Published: Tue, July 16, 2019
Global News | By Blake Casey

Trump administration moves to end asylum protections for Central Americans

Trump administration moves to end asylum protections for Central Americans

The rule, expected to go into effect Tuesday, also applies to children who have crossed the border alone.

Mexico has rejected the measures and the American Civil Liberties Union has mounted a legal challenge. The rule applies not only to adult asylum seekers, but unaccompanied minors as well.

FILE - Central American migrants cross into Mexico from Guatemala, near Ciudad Hidalgo, Mexico, June 4, 2019.

The rule would not apply to nationals of Mexico or Canada, countries that are contiguous to the United States. It would also apply to many other asylum seekers who attempt to enter the US from other countries. A "safe third country" agreement would mean that Salvadorans, Hondurans and people from elsewhere who cross into Guatemala would have to apply for asylum there instead of doing so at the US border. The United Nations' refugee agency defines "safe country", in part, as "being countries in which refugees can enjoy asylum without any danger".

Mr Trump has consistently taken a hard line on immigration to the United States, vowing to stem the flow of migrants with stringent asylum policies and a fortified wall along the Mexican border.

Under the rule, released online today, with limited exceptions refugees seeking asylum would have to do so in a third country through which they transited, rather than at the USA border.

In order to enter the United States, asylum-seekers would have to show that they were denied relief in a third country - not their own, and not the U.S. Failing that, they would be turned away.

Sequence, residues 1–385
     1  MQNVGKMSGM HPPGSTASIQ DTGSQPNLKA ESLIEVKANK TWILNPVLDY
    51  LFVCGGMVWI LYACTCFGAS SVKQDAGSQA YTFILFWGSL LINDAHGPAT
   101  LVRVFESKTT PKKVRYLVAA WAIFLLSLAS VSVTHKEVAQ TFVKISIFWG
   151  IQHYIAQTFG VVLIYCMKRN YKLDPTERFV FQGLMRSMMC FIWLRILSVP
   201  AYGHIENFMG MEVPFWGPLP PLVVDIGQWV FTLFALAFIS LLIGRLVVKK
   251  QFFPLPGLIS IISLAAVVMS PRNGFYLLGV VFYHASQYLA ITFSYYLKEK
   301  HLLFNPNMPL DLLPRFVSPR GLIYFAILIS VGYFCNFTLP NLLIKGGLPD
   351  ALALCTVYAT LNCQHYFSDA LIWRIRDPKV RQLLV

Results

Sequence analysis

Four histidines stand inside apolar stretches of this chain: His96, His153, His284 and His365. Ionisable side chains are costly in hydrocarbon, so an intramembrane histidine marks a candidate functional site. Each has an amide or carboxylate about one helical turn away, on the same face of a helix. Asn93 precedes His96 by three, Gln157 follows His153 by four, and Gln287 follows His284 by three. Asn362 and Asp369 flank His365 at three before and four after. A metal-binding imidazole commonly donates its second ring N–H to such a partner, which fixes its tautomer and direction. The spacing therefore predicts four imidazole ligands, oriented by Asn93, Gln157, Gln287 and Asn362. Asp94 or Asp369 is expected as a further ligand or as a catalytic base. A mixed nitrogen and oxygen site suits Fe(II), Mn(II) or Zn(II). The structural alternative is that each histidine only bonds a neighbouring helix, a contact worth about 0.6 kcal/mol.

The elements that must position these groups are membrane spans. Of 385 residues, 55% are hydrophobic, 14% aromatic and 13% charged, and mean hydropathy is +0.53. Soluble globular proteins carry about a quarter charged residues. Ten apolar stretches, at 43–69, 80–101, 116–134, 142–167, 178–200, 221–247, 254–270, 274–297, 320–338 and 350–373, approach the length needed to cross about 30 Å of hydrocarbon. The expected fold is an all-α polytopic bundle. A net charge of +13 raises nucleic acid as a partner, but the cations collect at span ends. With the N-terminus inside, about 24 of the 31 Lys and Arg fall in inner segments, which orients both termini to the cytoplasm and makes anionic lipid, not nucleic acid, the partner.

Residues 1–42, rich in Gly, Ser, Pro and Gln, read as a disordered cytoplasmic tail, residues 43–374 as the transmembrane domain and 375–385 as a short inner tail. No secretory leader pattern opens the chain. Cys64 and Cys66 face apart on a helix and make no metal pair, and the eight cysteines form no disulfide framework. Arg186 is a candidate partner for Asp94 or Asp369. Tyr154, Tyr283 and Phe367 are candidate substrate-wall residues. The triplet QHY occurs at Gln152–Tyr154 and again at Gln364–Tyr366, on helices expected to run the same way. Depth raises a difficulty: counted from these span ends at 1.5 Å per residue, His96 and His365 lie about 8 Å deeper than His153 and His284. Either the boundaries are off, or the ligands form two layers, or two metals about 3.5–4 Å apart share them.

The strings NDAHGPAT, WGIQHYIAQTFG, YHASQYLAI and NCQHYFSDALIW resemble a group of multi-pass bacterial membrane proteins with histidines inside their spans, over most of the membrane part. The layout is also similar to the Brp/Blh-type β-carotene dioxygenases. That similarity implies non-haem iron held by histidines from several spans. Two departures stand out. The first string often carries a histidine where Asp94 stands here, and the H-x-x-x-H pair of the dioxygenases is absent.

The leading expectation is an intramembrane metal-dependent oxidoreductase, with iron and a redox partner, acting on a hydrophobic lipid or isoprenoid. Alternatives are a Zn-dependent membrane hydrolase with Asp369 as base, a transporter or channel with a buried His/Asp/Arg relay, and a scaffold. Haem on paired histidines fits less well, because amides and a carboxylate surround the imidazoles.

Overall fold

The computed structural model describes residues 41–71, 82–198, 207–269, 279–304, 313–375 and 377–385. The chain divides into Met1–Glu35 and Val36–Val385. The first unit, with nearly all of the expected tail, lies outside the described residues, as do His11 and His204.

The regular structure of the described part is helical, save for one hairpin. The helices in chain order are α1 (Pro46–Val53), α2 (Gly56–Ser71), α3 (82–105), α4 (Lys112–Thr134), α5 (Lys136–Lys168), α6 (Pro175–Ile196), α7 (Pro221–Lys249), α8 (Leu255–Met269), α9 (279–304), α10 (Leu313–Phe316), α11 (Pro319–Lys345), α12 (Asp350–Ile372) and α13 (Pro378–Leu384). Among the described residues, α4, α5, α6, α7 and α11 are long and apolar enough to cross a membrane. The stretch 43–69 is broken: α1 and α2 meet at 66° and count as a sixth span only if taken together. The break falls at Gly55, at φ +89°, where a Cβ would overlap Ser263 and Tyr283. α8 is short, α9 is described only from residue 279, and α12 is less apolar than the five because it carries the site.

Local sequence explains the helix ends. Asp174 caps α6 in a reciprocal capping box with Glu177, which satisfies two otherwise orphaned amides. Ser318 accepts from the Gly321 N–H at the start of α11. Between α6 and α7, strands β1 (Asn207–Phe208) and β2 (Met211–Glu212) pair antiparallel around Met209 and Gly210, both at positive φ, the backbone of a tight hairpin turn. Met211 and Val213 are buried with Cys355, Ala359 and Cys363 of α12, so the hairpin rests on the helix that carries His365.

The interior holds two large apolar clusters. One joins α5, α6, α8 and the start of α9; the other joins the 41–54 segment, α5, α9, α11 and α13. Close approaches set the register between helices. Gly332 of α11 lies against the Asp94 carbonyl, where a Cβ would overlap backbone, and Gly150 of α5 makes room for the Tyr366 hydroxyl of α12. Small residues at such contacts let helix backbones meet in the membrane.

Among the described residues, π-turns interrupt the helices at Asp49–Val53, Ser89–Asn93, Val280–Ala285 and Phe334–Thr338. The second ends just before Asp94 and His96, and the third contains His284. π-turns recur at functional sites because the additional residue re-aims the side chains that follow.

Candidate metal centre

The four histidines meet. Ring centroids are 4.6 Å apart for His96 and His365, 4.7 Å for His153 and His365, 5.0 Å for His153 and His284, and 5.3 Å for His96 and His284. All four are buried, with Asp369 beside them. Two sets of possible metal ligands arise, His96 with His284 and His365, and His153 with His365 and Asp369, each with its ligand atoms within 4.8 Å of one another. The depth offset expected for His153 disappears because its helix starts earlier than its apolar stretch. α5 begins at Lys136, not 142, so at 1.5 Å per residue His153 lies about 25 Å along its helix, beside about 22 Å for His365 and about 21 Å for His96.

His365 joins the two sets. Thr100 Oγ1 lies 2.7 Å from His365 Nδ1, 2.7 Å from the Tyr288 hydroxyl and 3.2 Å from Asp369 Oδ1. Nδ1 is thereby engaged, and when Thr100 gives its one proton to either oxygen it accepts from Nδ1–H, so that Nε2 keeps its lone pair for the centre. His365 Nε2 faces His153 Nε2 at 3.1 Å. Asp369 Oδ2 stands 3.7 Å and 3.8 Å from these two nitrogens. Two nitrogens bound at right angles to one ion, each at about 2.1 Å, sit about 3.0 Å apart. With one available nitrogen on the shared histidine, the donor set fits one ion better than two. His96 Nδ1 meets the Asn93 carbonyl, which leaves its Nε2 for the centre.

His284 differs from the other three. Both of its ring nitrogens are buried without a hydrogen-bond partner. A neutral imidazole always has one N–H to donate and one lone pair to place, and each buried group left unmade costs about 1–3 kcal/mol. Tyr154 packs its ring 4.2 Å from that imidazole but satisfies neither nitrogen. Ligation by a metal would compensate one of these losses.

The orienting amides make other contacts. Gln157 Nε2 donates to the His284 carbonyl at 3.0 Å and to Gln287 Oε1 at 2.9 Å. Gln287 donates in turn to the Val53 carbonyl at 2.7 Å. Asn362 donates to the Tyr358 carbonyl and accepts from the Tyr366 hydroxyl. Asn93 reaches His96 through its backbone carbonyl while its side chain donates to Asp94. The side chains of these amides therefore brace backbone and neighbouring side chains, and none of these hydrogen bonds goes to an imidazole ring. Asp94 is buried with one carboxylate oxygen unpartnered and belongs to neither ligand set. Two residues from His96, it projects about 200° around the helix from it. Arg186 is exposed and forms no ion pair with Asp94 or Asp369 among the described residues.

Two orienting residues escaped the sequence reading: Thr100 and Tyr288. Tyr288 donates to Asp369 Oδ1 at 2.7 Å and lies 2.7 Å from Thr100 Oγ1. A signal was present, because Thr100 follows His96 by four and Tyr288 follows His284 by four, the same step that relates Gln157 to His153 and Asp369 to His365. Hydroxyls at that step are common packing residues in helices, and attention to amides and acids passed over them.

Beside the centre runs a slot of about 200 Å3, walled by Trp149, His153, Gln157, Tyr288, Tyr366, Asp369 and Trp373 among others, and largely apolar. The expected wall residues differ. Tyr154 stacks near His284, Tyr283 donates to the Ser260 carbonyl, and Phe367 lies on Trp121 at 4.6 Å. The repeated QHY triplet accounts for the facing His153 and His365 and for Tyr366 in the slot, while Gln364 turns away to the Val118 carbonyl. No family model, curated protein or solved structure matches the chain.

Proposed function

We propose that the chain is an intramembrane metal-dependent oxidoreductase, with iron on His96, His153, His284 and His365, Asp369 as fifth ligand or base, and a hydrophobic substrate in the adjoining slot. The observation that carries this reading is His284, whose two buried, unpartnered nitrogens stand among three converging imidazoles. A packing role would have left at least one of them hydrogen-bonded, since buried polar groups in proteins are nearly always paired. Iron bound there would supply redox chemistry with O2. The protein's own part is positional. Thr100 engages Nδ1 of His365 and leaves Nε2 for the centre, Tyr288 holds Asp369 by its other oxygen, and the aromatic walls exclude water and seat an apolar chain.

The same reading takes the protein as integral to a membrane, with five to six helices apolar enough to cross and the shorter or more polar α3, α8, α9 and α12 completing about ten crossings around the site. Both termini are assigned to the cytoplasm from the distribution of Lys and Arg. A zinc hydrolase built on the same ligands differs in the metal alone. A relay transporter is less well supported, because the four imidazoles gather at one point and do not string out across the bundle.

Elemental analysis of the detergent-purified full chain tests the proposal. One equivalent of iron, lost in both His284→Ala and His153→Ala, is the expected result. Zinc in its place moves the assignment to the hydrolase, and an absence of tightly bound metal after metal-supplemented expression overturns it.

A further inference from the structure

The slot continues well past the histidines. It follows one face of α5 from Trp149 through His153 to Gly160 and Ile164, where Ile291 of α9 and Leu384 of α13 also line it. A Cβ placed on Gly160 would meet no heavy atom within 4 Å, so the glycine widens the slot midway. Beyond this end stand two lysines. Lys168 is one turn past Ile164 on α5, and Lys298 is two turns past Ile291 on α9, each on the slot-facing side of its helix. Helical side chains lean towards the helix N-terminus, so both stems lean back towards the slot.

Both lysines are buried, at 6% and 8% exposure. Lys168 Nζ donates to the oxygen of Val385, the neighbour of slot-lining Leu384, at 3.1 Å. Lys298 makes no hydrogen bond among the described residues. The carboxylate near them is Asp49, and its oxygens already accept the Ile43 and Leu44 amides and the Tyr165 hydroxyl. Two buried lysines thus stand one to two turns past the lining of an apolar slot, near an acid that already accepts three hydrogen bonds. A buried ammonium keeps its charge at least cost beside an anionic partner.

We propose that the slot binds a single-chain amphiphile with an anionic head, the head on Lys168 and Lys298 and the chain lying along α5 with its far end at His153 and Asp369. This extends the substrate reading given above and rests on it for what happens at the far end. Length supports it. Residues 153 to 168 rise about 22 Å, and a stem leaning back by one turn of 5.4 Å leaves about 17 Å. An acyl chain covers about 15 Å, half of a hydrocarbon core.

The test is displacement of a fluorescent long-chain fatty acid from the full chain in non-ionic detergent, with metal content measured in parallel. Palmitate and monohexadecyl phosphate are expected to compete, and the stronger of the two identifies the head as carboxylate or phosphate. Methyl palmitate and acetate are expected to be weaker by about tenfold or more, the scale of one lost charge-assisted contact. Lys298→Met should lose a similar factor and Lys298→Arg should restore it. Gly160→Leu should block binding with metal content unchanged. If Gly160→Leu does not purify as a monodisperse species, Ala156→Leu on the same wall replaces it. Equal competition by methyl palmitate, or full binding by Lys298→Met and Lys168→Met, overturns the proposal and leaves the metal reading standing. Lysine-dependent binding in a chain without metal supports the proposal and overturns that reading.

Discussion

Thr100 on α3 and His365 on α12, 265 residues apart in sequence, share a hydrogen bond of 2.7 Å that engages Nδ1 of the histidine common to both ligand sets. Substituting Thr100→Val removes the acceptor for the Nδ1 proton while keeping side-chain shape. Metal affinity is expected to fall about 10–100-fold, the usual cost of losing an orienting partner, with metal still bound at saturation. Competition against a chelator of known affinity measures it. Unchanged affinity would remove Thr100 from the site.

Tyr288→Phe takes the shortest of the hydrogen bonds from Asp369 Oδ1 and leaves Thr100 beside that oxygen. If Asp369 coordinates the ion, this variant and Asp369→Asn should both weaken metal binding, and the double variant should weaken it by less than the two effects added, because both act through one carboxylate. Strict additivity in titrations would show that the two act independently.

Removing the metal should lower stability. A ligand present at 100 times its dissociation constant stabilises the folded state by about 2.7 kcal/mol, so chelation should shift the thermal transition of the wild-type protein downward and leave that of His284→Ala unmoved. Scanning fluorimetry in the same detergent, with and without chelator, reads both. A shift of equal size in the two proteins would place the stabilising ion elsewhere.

Since January, more than 15,000 people - largely from El Salvador, Guatemala, and Honduras - who sought asylum in the US were returned to Mexico under the "Migrant Protection Protocols" to await their asylum case in USA immigration court.

"This rule will be challenged because it is contrary to the asylum statute and to United States obligations to refugees under worldwide law", Keren Zwick, a litigator at the National Immigrant Justice Centre.

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The Department of Homeland Security, in a statement issued with the Department of Justice, said the rule would set a "new bar" for immigrants "by placing further restrictions or limitations on eligibility for aliens who seek asylum in the United States".

"This new rule is patently unlawful and we will sue swiftly", Lee Gelernt, deputy director of the ACLU's national Immigrants' Rights Project, said in a statement.

The 1980 act was enacted to comply with worldwide laws governing the treatment of refugees, laws drafted in the wake of the Second World War in response to the criminal denial of asylum to Jews who were sent back to Hitler's death camps. But the Immigration and Nationality Act, which governs asylum law, is vague on how a country is determined "safe"; it says "pursuant to a bilateral or multilateral agreement".

The move also prompted Guatemalan President Jimmy Morales to cancel a White House meeting with U.S. President Donald Trump Monday.

Mexico has been somewhat cooperative with USA efforts to slow Central American immigration, in part under pressure from Trump threats to impose tariffs on Mexican products.

On Sunday evening Guatemala's Constitutional Court blocked President Jimmy Morales from immediately declaring the poor Central American nation a "safe third country" for asylum-seekers, amid growing pushback to United States pressure that it absorb large numbers of migrants. It establishes through executive action a bar to asylum whereby anyone crossing the southern land border who transits through almost any third country in the world will be sent back to that country.

Acting Homeland Security Secretary Kevin McAleenan said additional funding given by Congress for aid at the U.S. -Mexico border isn't enough.

The treaties countries must have signed according to the new rule are the 1951 Convention relating to the Status of Refugees, the 1967 Protocol or the Convention against Torture and Other Cruel, Inhuman or Degrading Treatment or Punishment. But, for example, while Australia, France and Brazil have signed those treaties, so have Afghanistan and Libya, places the USA does not consider safe.

Attorney General William Barr insisted that the move was legal and needed.

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